Less than one day old, the new Games Workshop webstore is already being derided by online commentators for prioritising style over substance. I would argue that the design differences between the new and old site aren’t failures, but the result of a strategy that doesn’t prioritise diehard Warhammer fans.
The reddit board r/warhammer, an online home to 320,000 Warhammer 40k and Age of Sigmar fans, is dominated by threads deriding the new website. Complaints focus on how ineffective the product filters are, or the way the site prioritises large images and white space without showing many items on screen at once, making it harder to browse models from a visitor’s favorite Warhammer 40k faction or Age of Sigmar army. Features like paint-scheme recommendations for each miniature are missing.
Warhammer YouTuber Kirioth uploaded a video, below, detailing his travails navigating through the site, reporting similar frustrations with the filtering system, and promotional links that didn’t lead to their expected destination. He attributes these issues at least in part to bedding-in problems that may be fixed with patches or data updates.
Prominent Warhammer tactics website Goonhammer posted a snarky tweet summing up sentiment on the website; “Look forwards to our new and revamped Goonhammer webpage, where we’ll be mashing our existing site together with a raging tire fire.”
Some comments highlight identifiable bugs, expected from a site launch but objectively problems that must be fixed. More comments are responding to how the site has been conceived of and designed; the look, feel, and features of the site. Even if that opinion is the consensus among the online Warhammer fandom, Games Workshop has good reasons not to care.
Speaking in an interview with The Painting Phase, former Senior Hobby Products Designer Tom Hibberd explains that: “Games Workshop’s core customer base is not what most people think it is… we went through as much financial customer data as we could to find out who was buying stuff and the single-biggest buyer of things was thirty to fifty year old women. The mums. And they’re buying it for their 12 to 20 year old child”.
Hibberd’s first-hand information is a little out of date: he acknowledges that the firm’s audience has expanded since he left in 2016. Games Workshop has been successful in reconnecting with lapsed hobbyists in the intervening years – but the mums haven’t gone anywhere.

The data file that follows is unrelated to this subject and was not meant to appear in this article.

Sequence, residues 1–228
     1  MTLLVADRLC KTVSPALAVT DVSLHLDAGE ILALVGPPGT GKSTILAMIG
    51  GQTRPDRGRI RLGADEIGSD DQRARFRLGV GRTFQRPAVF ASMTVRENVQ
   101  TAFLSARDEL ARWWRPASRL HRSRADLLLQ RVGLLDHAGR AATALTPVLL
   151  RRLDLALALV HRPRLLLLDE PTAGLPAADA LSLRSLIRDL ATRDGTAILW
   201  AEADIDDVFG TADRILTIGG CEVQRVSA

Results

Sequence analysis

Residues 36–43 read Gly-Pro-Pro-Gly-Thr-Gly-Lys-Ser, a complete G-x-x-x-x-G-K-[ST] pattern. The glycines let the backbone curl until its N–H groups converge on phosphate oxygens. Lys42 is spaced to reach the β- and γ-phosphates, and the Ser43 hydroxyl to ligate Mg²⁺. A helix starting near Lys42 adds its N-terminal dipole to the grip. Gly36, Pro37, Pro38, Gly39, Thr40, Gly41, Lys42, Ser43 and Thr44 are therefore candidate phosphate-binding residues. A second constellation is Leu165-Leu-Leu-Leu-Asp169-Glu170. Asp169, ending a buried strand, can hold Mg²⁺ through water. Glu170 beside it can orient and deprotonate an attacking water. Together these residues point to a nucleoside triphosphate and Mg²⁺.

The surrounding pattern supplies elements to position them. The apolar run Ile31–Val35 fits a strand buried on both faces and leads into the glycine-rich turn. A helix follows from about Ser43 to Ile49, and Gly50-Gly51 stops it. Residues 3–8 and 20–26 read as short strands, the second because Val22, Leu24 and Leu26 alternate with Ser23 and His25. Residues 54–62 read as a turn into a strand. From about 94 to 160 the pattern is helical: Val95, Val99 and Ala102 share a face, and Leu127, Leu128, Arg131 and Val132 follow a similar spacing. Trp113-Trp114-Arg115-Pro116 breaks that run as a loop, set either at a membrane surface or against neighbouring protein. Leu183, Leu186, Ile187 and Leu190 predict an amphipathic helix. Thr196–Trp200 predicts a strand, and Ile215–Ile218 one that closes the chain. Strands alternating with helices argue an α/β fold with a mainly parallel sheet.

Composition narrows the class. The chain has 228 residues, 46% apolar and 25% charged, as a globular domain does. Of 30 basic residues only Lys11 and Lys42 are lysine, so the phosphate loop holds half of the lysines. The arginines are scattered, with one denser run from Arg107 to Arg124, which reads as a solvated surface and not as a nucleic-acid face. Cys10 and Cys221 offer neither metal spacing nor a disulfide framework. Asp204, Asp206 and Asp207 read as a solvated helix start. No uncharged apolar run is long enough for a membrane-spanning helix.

Hibberd explains the idea of a customer “funnel” in the video. For a company as large as Games Workshop, the best opportunity to make money came from the huge number of potential customers, then the large number of lightly-invested customers. The tiny number of extremely invested fans who talk about it online represent the smallest proportion of revenue.
Considered in this light, the fact that the Warhammer commentariat doesn’t like the new website becomes less important when we judge its success or failure. Features that are unwelcome to the experienced hobbyist are benefits to newcomers, and conversely important features for the veteran hobbyist are less relevant to newcomers or gift-buyers.
A customer arriving at the new website is met with an animated banner introducing the hobby. For an existing hobbyist that is needless cruft; for a newcomer, that’s a welcome mat, orienting them before they delve into an intimidating product catalogue. Having fewer items on screen at once gives a clearer browsing experience for customers who aren’t likely to engage with the back catalogue anyway. Likewise, the depth and specificity of product filters is less useful for a customer who will mainly engage with starter products, new releases, and deals.
There may yet be bugs and launch problems lingering in the site – just before hitting publish, one of our contributors informed us that the site had lost all of his vouchers, an obvious and pretty severe problem. But this is separate from the intentional aspects of design which are disappointing hobbyists. The new Games Workshop webstore prioritises mums, gift-buyers, and newcomers to the hobby. Whether the site is well designed for that intended audience remains to be seen.
We wrote yesterday that the new Games Workshop webstore is a big deal, and that remains true. It’s one in a series of much-needed reforms to the company’s IT infrastructure, and whether or not it succeeds, it will have a big impact on the company’s fortunes. We’ll be watching closely.